Just remember though, even with LEDs from the same manufacturer with the same exact specs aren't PEFERCTLY matched. If it's a constant voltage driver and you wire in parallel, each branch can still have different currents. So there's a chance that if you're running 2A through the entire setup and you need 1A to each branch, that it's possible that 1A++ can go through one branch and the rest goes to the other. So one might be slightly overdriven and one slightly underdriven. This probably won't be an issue, but with operational stresses and temperature changes, it could effect it. .
sorry but this doesn't apply with DC and constant voltage.
DC circuits only draw the amps it requires if you match voltage
Saying u cant tie up 1 parallel 3V LED with a 12V led, unless u serial 4x3V = 12V.
You need to keep the voltage on each parallel array the same...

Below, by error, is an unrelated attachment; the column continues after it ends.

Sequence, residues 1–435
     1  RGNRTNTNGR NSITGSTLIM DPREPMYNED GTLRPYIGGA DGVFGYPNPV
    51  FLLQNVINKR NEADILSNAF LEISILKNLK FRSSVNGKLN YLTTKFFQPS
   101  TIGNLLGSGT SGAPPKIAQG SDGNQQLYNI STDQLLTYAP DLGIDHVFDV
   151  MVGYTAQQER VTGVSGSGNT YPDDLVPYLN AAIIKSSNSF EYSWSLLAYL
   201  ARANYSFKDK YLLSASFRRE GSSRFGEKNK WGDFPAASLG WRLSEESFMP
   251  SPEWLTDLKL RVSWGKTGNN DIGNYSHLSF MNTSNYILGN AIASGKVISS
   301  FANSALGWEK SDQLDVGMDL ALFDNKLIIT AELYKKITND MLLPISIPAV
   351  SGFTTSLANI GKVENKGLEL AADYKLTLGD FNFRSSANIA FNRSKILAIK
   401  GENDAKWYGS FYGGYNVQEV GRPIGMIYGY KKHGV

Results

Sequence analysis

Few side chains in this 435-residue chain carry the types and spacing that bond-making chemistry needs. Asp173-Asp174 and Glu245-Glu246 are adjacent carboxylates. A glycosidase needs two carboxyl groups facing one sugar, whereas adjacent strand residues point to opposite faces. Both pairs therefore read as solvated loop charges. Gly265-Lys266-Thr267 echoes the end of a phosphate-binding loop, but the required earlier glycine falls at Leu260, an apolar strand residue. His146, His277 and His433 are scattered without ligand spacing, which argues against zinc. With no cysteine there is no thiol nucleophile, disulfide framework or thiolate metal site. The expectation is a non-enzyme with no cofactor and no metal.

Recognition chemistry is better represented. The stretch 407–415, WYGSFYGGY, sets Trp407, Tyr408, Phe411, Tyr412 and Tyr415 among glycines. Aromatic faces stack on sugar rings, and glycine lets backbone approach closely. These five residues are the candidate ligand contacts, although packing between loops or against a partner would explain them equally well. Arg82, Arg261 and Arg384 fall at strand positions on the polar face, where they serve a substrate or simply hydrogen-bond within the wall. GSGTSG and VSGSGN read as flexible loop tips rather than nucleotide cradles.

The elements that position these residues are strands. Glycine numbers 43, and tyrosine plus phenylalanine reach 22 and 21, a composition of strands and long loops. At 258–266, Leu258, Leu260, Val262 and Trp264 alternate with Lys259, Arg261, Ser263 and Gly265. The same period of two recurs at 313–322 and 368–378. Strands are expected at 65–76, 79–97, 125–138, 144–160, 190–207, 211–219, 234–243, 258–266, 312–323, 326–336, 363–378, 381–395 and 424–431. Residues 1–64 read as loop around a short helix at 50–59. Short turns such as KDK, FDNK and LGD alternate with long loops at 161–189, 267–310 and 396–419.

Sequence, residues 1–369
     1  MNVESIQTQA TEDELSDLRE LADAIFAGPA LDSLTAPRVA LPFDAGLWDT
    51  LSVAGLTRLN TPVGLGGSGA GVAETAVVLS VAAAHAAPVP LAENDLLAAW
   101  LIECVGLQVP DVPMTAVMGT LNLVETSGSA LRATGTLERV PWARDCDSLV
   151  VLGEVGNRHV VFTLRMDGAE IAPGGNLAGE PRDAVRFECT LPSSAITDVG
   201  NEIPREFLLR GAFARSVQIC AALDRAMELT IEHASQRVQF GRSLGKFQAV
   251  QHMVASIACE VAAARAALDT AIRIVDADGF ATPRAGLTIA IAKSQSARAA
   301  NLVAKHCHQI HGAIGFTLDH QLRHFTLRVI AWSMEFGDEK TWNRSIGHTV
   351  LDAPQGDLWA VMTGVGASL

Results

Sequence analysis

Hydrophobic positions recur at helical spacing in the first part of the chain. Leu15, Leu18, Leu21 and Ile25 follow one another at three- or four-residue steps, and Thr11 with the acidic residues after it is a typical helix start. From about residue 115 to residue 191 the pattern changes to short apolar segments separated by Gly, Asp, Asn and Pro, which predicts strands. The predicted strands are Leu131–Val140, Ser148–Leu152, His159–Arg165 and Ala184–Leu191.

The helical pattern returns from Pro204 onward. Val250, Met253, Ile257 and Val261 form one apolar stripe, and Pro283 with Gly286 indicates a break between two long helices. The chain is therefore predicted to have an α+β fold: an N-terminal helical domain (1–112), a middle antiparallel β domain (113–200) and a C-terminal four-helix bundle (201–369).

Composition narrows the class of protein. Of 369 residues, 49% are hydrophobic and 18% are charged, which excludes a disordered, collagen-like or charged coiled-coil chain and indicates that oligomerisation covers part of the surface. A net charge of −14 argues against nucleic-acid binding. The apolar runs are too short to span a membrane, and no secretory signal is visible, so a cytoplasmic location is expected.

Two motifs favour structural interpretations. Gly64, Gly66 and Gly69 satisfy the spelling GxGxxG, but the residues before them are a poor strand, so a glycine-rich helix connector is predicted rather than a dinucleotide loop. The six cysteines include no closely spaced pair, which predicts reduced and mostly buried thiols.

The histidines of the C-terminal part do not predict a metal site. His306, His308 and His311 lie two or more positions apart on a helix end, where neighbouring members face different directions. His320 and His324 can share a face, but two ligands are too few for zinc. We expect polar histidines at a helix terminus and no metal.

If you have 2 different arrays strung up in parallel.. one array draws 3A... and the other draws 2A... the psu will output a total of 5A, where 3A will go to the 3A portion and 2A will goto the 2A portion.
Again this is looking at constant Voltage.
constant current doesnt work like that, because of the nature of LED's themselves.... LED's can variate Voltage yet the driver forces constant current though them.
Hence why Constant current does run a tad bit cooler then constant voltage.